Eventually, David Heath developed symptoms of bipolar disorder, a brain malady characterized by periods of depression and mania. Some 60 percent of the homeless and transient populations are mentally ill, according to annual surveys by the U.S. Conference of Mayors, and 26 percent are substance abusers.

He tried to do better

Heath's substance abuse and mental illness led to a long string of relatively minor crimes, including cocaine possession, driving without a valid license, criminal mischief, battery, probation violation and shoplifting, for which he served probation and short jail terms.

But Heath also had long stretches of sobriety and sanity, his family said. He'd visit them, spend time with his children, hold down a job, date. He'd travel, see the ocean, listen to music. He'd dream about getting all the pieces put back together.

Then he'd get caught up again in the cycle of substance abuse and he'd drop out of the picture for a while, not wanting to hurt or embarrass his family.

"He had a complicated life," said brother Nick Castrinos.

Heath, who read the Bible regularly, frequently counseled the homeless he met when he did stay at a shelter. He attended AA meetings, sometimes even twice a day. But he didn't talk much about his own problems there, and instead focused on the troubles of others, his father said. He even spoke about becoming a counselor someday and helping other addicts recover.

"He was kind and generous," said Bartke, his mother.

Friends and family say Heath had a talent for getting people to trust and like him.

Billy Rogers, a 43-year-old painter, met Heath outside a convenience store several weeks ago. Heath asked if he could use his phone, and Rogers said yes.

Soon, the two were spending time together regularly. Heath talked about getting a job, and eventually rooming with Rogers in an apartment. Rogers said Heath had a knack for talking to people; when a couple bickered over bills or had some other argument, they could count on Heath to say: "Everything will work out. Things will be okay."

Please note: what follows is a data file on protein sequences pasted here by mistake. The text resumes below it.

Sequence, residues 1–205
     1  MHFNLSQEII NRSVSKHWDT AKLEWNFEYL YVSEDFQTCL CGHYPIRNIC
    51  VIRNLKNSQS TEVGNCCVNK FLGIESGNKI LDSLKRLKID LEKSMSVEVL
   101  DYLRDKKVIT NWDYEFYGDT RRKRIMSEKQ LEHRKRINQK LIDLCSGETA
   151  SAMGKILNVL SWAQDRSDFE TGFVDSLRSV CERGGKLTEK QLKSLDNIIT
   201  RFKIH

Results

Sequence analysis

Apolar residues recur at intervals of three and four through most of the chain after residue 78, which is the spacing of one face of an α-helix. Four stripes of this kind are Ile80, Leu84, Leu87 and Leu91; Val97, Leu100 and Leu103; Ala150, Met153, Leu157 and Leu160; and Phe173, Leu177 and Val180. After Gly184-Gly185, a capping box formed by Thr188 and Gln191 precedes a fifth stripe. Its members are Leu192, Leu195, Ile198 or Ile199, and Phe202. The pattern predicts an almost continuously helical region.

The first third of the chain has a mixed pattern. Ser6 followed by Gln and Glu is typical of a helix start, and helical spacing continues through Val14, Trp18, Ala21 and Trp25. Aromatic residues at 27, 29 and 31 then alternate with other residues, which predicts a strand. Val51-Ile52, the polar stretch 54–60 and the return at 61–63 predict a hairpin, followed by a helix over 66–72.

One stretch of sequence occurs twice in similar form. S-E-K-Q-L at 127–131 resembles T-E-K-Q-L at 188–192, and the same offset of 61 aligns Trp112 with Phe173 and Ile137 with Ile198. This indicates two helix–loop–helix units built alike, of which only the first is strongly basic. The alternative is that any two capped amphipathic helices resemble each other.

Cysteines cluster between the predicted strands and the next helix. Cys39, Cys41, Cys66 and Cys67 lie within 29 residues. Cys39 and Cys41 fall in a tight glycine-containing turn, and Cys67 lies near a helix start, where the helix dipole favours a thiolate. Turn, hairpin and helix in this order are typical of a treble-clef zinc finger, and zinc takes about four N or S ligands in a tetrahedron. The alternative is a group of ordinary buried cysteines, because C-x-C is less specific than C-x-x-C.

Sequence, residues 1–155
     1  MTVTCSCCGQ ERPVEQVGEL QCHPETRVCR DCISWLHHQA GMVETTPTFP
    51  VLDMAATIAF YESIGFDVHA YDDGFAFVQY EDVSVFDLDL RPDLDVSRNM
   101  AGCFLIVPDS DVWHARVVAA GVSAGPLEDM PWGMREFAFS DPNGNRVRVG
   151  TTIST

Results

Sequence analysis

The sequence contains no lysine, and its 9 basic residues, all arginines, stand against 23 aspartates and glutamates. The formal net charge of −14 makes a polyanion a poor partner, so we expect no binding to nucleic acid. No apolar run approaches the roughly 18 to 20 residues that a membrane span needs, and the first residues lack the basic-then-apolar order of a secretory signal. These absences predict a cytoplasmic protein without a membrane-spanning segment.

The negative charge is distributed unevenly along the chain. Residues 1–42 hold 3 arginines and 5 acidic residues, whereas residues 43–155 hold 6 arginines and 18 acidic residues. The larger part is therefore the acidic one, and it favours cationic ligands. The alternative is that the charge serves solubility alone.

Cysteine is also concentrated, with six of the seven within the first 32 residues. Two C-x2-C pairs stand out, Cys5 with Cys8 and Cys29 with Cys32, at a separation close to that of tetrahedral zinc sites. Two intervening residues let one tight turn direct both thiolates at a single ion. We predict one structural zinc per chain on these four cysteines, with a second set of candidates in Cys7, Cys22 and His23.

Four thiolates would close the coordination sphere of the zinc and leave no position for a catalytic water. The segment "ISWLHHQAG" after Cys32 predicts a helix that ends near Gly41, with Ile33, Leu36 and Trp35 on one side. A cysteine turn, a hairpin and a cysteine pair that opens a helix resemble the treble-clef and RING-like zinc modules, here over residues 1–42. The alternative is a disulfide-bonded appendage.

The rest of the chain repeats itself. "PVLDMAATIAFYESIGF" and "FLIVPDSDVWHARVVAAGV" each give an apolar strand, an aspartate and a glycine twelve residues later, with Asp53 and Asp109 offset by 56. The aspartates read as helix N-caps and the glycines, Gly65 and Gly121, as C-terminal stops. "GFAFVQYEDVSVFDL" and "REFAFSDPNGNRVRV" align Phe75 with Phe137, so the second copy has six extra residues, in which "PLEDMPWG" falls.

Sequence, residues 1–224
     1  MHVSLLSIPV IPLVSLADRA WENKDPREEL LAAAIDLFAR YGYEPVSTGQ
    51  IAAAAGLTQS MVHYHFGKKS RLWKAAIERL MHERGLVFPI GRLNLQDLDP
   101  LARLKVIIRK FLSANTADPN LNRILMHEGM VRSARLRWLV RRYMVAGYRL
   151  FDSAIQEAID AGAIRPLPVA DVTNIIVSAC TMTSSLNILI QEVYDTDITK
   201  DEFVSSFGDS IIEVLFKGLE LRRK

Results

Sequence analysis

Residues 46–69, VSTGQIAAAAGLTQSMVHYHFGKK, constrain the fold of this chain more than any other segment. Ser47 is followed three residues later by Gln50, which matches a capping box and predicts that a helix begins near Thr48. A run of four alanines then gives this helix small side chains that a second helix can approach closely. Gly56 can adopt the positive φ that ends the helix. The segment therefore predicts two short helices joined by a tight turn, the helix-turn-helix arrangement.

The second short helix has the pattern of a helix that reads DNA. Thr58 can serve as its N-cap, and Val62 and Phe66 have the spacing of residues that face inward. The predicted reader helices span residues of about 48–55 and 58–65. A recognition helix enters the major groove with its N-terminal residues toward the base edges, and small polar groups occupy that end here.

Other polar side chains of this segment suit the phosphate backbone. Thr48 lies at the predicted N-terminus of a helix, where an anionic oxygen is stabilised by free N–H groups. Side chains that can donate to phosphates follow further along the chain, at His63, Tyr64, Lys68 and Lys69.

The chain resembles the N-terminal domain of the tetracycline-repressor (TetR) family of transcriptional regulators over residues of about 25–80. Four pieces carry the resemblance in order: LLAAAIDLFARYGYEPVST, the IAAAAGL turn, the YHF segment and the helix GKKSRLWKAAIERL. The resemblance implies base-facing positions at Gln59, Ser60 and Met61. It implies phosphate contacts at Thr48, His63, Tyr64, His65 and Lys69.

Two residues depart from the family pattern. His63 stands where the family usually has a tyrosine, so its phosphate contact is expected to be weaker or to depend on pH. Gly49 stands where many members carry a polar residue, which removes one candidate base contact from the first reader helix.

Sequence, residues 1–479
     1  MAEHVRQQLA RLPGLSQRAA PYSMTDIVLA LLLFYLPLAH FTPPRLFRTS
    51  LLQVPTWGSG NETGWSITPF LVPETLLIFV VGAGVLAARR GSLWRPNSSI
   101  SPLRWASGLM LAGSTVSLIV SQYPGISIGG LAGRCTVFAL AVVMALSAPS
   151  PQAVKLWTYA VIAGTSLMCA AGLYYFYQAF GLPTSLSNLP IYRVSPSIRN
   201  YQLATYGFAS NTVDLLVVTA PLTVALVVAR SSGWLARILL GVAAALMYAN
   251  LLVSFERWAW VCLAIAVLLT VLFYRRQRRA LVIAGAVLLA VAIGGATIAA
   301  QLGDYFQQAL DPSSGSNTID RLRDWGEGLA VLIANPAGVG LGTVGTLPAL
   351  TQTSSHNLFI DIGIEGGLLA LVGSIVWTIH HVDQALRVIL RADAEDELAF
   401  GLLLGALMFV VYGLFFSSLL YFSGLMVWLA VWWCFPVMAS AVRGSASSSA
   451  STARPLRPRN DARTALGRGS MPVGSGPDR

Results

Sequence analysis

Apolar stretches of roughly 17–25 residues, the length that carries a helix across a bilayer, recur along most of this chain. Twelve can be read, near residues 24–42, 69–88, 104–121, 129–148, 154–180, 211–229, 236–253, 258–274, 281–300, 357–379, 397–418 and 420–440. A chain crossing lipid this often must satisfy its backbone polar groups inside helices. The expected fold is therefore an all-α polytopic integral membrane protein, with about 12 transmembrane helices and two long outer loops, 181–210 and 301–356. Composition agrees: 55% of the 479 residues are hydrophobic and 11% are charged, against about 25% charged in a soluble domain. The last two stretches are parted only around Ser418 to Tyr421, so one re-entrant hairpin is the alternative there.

While Heath often talked about a more stable life, he still wandered around and slept wherever he could, Rogers said. He had a lot of friends in the city and stayed on their couches, or in their spare rooms. Heath also frequently stayed at local homeless shelters.

But life was cut short

The night he died, Heath stopped at a Burger King on Central Avenue near 35th Street. An employee there, someone whom Heath had never met, let him use her cell phone. He called friends, asking for rides. Eventually, he began walking. He was headed to Rogers' house, where he sometimes slept on a hammock in the back yard.

He was killed a few blocks away. So was Jeff Shultz, 43, whose body was found nine blocks from Heath's.

But all the friends' couches and shelter cots in the world would not have helped someone like Heath, said Dennis Culhane, a University of Pennsylvania professor and national expert on housing and homeless. People whose addictions or mental illness prevent them from keeping their own home need what's called "supportive housing," where residents get counseling and drug rehabilitation.

"Shelters are not an answer," Culhane said. "Once folks have housing, then they're interested in recovery."